Personally I like a mixture, I want to keep the traditional stuff alive but I also believe that Ju-jitsu should keep evolving just as we are evolving.



In our Dojo (place of the way) we use the metaphor of the water cycle to explain its philosophy. The source of knowledge can be perceived as a trickle of water or spring that begins its journey on the side of the mountain. Then as our knowledge increases the trickle gets stronger and faster widening to become a stream and then a river gradually flowing into the sea. For our Dojo the source has a physical representation of the metaphor in Glastonbury. Glastonbury has two major sacred springs, the Chalice well with its red tinged water due to the Iron content and the White spring with its rich calcium content.

The colours Red and White have significant symbolisation in Japan. The Gen Pei War (1180-1185) had two sides the Taira or Heike clan who used red flags and the Minemoto or Genji family who used a white flag. In Japanese folklore they believe these two rival families can be seen in the night sky still battling. They are seen on the Orion constellation as Betelgeuse a giant red dwarf star and Rigel a very bright white star. Red and White have figured prominently in Japanese motifs including of course the two colours of the national flag. Kano was drawing on a well established concept when he created the red and white block belt. This belt was originally created for sixth – eighth Dans but is now considered to be a teaching belt worn by fourth Dan and above. This is why we consider it important for teachers who wear the red/white block belt to undertake the annual pilgrimage to Glastonbury- the closest we get to a spiritual seminar. This also emphasises the importance of our “water cycle” metaphor.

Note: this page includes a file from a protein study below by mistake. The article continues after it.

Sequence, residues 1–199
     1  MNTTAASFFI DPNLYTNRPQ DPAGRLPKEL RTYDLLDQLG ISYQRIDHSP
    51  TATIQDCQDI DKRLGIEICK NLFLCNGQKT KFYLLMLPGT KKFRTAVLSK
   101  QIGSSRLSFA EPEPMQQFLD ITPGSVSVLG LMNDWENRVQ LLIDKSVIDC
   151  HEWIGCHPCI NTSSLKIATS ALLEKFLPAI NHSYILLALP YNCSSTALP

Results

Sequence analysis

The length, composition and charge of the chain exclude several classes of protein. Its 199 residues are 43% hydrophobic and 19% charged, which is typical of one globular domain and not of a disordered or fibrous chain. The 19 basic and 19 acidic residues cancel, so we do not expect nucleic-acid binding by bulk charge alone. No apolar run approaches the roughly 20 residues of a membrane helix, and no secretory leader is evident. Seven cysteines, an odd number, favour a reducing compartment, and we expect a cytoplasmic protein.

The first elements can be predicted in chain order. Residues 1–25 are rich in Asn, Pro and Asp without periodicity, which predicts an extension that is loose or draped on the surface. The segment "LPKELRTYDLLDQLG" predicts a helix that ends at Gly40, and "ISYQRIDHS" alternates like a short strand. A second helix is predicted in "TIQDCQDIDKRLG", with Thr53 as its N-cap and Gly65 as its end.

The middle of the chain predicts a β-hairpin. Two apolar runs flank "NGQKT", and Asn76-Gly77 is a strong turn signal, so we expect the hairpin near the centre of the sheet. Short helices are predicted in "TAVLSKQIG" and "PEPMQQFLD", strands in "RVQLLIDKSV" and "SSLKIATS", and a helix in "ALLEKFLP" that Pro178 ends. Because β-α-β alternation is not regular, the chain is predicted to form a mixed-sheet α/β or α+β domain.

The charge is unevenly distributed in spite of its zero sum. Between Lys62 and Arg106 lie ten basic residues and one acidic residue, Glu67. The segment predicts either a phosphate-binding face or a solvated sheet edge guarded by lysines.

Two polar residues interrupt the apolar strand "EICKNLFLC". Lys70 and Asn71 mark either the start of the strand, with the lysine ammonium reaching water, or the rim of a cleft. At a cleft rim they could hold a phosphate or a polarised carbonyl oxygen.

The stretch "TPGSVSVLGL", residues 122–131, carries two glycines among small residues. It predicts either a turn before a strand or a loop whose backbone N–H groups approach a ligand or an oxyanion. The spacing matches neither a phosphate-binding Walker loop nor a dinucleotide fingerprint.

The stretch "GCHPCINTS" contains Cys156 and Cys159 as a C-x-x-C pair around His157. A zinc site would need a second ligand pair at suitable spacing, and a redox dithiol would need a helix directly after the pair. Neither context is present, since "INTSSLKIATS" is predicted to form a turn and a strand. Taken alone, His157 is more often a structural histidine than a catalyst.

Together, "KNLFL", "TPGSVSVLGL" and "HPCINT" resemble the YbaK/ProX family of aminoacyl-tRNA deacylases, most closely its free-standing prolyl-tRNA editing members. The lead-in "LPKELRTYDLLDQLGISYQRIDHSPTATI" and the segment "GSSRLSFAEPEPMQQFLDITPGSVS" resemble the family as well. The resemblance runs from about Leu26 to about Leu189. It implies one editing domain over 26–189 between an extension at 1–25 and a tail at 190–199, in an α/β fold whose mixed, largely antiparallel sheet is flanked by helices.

Jutsu Do and Ho

Jutsu Do and Ho have different meanings that are best understood by imagining a mountain. In this context “Jutsu” explains how to climb a mountain, the technique used. “Do” is the way, the available routes leading to the mountains summit. “Ho” is the cloud above the mountain, when it rains the water forms the trickle which becomes the stream, the source of knowledge. We feel “Ho” is important in our Dojo as it is an important part of the water cycle metaphor so we have kept the rank of Shodan- Ho, Shodan being first level or step- the black belt. Shodan –Ho a provisional black belt grade before Shodan.

Key Principles

Our four key principles act as “hooks”or tools to help us climb the metaphorical mountain. They are the four bioethical principles taken from the Hippocratic oath.


-          Respect for the individual and their ability to make decisions with regard to their own future.


-          Actions that are intended to be beneficial


-actions intended to not cause harm or bring harm


-          Being fair and just to the wider community in terms of the consequences of an action



We hold on to certain traditions in the Dojo to set us apart from being just a sport such as boxing. The martial arts are a mind and body relationship which is symbolised by the physical action of tying a belt around your waist- tying mind and body together. We begin class with Za-rei- kneeling bow. This is performed towards Kamiza (seat of the gods) in the North of the Dojo- where ever possible. Za-rei is followed by two claps, another bow and then a third clap. These claps were performed traditionally to wake the Kami (gods) and ancestors and to remove Tengu (bad spirits), today these claps in NLP perspective serve as an auditory anchor to switch on into the mind-set required for training and learning.







WEB SITE BUILT BY LAURA PEIL Shihan          last updated June 2016